Firstly, my apologies for the lack of updates to the Blog: this time it’s been due to a malfunction in me, rather than the website. Normal service has been resumed, as the BBC used to say…
This week I thought I’d look at using internet search engines, such as Google or Bing, in your research.
When using a dedicated family history website, such as FreeBMD, my advice is ‘less is more’: if searching, for example, for the death of Eva Westwood, born in 1853 in Wolverhampton, who you appears on the 1891 census but not subsequently, then using the search terms “Eva” “Westwood” the date range 1891-1911 and selecting “All Couunties”, will give you four possibilities: little Eva Westwood who died aged under one year old in 1891, Eva Matilda Westwood who died in 1896 aged 28, Eva Westwood who died in 1897 aged 45, and Eve Janette Westwood who died in 1900 aged 28.
A moment’s thought tells us that the Eva who died in 1897 must be the one we seek.
In fact if we’d left the date range blank, there would only have been 10 deaths registered for an Eva Westwood in the Egland and Wales, the earliest in 1878 and the most recent in 1962, and the only one which fits with the known year of birth is the Eva who died in 1897. (Be prepared to be flexible with the age at death, however: this may be a year or two out!)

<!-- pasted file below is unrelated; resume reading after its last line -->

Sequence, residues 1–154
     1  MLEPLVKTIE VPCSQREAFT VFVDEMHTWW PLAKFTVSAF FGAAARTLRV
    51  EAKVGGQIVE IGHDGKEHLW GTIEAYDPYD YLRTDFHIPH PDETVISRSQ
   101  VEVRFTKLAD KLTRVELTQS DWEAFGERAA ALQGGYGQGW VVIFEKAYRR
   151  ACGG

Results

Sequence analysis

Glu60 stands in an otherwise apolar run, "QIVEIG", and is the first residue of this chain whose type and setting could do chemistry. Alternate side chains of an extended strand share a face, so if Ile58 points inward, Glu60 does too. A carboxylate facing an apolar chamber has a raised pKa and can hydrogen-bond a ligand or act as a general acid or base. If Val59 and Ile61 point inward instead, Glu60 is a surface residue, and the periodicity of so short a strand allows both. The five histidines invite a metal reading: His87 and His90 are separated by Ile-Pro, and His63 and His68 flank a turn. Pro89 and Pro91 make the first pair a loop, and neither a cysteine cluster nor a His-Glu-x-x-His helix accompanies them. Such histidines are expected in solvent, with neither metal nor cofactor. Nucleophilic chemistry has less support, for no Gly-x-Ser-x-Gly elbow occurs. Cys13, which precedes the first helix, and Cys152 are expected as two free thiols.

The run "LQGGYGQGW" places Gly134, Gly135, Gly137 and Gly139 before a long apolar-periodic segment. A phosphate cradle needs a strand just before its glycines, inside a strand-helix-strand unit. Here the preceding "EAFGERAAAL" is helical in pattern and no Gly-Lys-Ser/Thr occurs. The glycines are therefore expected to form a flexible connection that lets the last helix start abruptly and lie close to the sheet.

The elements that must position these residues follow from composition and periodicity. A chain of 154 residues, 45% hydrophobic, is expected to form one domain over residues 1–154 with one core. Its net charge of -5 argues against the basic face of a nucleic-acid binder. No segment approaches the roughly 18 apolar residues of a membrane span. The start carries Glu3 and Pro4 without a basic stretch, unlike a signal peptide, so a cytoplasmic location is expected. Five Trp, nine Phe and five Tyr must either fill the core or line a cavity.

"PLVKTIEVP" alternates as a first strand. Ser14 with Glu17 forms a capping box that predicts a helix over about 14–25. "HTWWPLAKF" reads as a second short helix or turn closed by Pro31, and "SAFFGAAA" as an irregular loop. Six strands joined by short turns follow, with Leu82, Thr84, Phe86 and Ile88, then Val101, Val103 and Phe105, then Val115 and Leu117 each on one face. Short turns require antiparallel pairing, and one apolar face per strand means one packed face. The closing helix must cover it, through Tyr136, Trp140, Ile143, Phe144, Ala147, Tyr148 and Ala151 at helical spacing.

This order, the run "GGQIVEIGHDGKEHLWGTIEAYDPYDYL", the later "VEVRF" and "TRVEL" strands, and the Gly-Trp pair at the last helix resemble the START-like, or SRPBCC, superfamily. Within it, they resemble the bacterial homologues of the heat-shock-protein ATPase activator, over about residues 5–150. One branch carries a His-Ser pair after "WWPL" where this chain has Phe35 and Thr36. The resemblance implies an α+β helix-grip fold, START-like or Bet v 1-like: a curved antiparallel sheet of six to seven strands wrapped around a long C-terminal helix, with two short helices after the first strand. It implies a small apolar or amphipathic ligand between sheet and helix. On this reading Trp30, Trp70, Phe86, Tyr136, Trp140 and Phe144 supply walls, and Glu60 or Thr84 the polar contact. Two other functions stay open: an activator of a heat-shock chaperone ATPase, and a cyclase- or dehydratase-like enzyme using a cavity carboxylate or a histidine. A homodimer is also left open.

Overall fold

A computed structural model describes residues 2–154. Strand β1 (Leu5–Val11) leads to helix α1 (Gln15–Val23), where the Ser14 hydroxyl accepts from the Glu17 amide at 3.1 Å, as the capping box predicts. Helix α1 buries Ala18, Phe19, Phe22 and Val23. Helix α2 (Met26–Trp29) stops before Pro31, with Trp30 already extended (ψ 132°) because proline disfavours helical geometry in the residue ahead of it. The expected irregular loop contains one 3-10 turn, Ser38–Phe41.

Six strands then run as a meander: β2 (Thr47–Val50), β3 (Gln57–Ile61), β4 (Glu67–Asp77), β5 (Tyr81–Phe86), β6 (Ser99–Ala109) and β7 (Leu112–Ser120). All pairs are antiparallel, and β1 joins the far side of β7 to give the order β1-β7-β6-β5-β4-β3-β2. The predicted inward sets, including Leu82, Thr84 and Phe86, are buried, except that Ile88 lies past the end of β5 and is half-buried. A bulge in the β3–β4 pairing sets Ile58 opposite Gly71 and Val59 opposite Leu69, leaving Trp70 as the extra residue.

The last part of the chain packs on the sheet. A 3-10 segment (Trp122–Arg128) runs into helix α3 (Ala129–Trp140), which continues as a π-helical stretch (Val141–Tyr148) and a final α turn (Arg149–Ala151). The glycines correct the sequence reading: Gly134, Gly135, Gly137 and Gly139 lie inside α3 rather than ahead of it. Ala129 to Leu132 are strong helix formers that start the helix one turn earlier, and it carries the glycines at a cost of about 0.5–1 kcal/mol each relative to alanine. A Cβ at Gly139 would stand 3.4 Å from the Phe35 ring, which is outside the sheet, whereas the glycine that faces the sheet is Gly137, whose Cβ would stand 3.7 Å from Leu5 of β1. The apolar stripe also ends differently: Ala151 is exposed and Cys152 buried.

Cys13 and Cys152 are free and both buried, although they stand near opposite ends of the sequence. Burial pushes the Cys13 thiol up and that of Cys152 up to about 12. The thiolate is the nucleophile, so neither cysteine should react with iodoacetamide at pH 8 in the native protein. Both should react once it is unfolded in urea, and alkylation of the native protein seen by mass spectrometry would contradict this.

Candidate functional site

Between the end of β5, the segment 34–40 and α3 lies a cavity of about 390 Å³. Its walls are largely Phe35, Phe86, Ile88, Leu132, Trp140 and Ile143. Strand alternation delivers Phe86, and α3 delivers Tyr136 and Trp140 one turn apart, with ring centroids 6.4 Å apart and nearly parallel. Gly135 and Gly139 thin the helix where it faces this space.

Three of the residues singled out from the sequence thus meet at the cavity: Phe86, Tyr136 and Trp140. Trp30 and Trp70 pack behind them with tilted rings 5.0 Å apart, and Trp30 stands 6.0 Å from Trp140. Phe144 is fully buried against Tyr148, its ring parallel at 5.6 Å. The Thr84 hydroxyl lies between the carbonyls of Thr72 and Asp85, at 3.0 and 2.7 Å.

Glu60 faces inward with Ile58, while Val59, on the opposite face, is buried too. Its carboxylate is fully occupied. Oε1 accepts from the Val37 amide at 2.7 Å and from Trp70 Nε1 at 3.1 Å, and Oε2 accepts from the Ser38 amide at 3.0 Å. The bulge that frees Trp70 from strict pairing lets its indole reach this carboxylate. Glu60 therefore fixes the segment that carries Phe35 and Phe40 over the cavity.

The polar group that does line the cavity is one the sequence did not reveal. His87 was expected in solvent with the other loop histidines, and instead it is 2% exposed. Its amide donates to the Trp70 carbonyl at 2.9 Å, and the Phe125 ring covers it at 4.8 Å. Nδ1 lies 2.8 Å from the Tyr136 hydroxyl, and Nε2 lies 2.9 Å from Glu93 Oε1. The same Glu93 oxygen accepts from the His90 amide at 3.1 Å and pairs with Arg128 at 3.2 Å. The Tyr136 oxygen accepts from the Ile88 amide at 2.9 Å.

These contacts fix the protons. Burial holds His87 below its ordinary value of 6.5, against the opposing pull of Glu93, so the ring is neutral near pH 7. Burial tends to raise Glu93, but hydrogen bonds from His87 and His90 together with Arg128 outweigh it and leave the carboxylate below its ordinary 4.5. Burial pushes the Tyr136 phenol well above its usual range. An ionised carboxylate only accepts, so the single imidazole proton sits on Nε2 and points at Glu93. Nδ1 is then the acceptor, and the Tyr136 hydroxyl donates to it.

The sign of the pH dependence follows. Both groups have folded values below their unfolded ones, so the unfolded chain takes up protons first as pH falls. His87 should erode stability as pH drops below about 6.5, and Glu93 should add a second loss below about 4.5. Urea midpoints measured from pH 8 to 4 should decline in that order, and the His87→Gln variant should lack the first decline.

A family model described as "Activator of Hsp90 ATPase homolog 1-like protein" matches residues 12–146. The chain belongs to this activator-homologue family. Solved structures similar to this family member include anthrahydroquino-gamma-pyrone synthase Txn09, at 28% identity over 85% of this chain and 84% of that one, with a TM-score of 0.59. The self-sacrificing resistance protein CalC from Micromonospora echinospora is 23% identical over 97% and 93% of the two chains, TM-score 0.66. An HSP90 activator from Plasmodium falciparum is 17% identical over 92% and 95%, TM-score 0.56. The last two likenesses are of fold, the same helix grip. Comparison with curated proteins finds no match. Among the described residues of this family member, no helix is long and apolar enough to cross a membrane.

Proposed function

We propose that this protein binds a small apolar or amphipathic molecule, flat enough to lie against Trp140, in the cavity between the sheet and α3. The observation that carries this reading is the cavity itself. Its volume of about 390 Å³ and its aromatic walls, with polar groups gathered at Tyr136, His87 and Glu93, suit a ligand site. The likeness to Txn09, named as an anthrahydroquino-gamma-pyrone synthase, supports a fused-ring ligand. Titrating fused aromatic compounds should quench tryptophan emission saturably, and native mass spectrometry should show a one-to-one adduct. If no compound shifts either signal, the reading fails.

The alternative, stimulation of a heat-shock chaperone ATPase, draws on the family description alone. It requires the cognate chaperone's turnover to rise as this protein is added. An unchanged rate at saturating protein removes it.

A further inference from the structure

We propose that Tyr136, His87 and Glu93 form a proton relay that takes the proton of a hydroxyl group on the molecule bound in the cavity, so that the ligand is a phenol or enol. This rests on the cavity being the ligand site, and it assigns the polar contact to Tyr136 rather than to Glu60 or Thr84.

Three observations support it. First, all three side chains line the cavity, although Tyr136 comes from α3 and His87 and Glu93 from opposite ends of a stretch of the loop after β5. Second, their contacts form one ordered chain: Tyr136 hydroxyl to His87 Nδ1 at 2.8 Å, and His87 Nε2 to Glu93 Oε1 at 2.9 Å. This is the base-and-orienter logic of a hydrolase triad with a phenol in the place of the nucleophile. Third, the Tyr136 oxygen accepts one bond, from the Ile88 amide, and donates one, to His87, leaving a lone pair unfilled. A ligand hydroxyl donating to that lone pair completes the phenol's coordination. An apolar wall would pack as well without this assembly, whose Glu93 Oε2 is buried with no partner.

BUT: if you add “Wolverhampton” to the search terms, knowing that Eva lived, to the best of your knowledge, in that town all her life, you wouldn’t find her, because poor Eva was admitted after 1891 to an asylum in Stafford, where she died.
So – when using dedicated websites, “less is more”. But when using a search engine such as Google, “more is more.” There are certain tricks you need to get to grips with, however, if you’re not going to be overwhelmed with information.
Picking another ancestor from my tree, if I search for Joseph Thomas Westwood, (who I know was born in Wolverhampton and died in 1914 fighting for King and Country) then using the search terms Joseph Thomas Westwood yields a massive 633,000 results. And I’ve only got to the second page before I discover that some of these are for a Thomas Westwood, and one for a Thomas Brickell of the Westwood Fire Department, and by page 20 I’m looking at two men called Joseph and Thomas, both of whom lived in Westwood Road.
This is because the search engine finds every instance when any of the words are used, in any combination. This is because Google is searching for those words in any combination: Joseph, Thomas, Westwood, Joseph Thomas, Thomas Joseph, Joseph Thomas Westwood, Thomas Joseph Westwood, and any person called Joseph and/or Thomas with Westwood in their address.
What I need to do is to instruct Google to search for the three words together: and the easiest way to do this is to use double quotation marks. Searching for “Joseph Thomas Westwood” gives me 5,230 results – the first one is my man, but the rest of the first page doesn’t seem to relate. So I try “Joseph Thomas Westwood Wolverhampton 1914” – and Bingo! The number of results has increased to 20, 200 results – but the first page of hits all relate to my man. There are links to articles, photographs and family trees. I even find a photograph of him standing outside his shop.
If you use this method of seaching the internet, it’s also possible that you may find results from all sorts of unexpected places or records.
There’s a short and very clear video tutorial about using Google for searches at https://www.wou.edu/provost/library/clip/tutorials/internet_tips.htm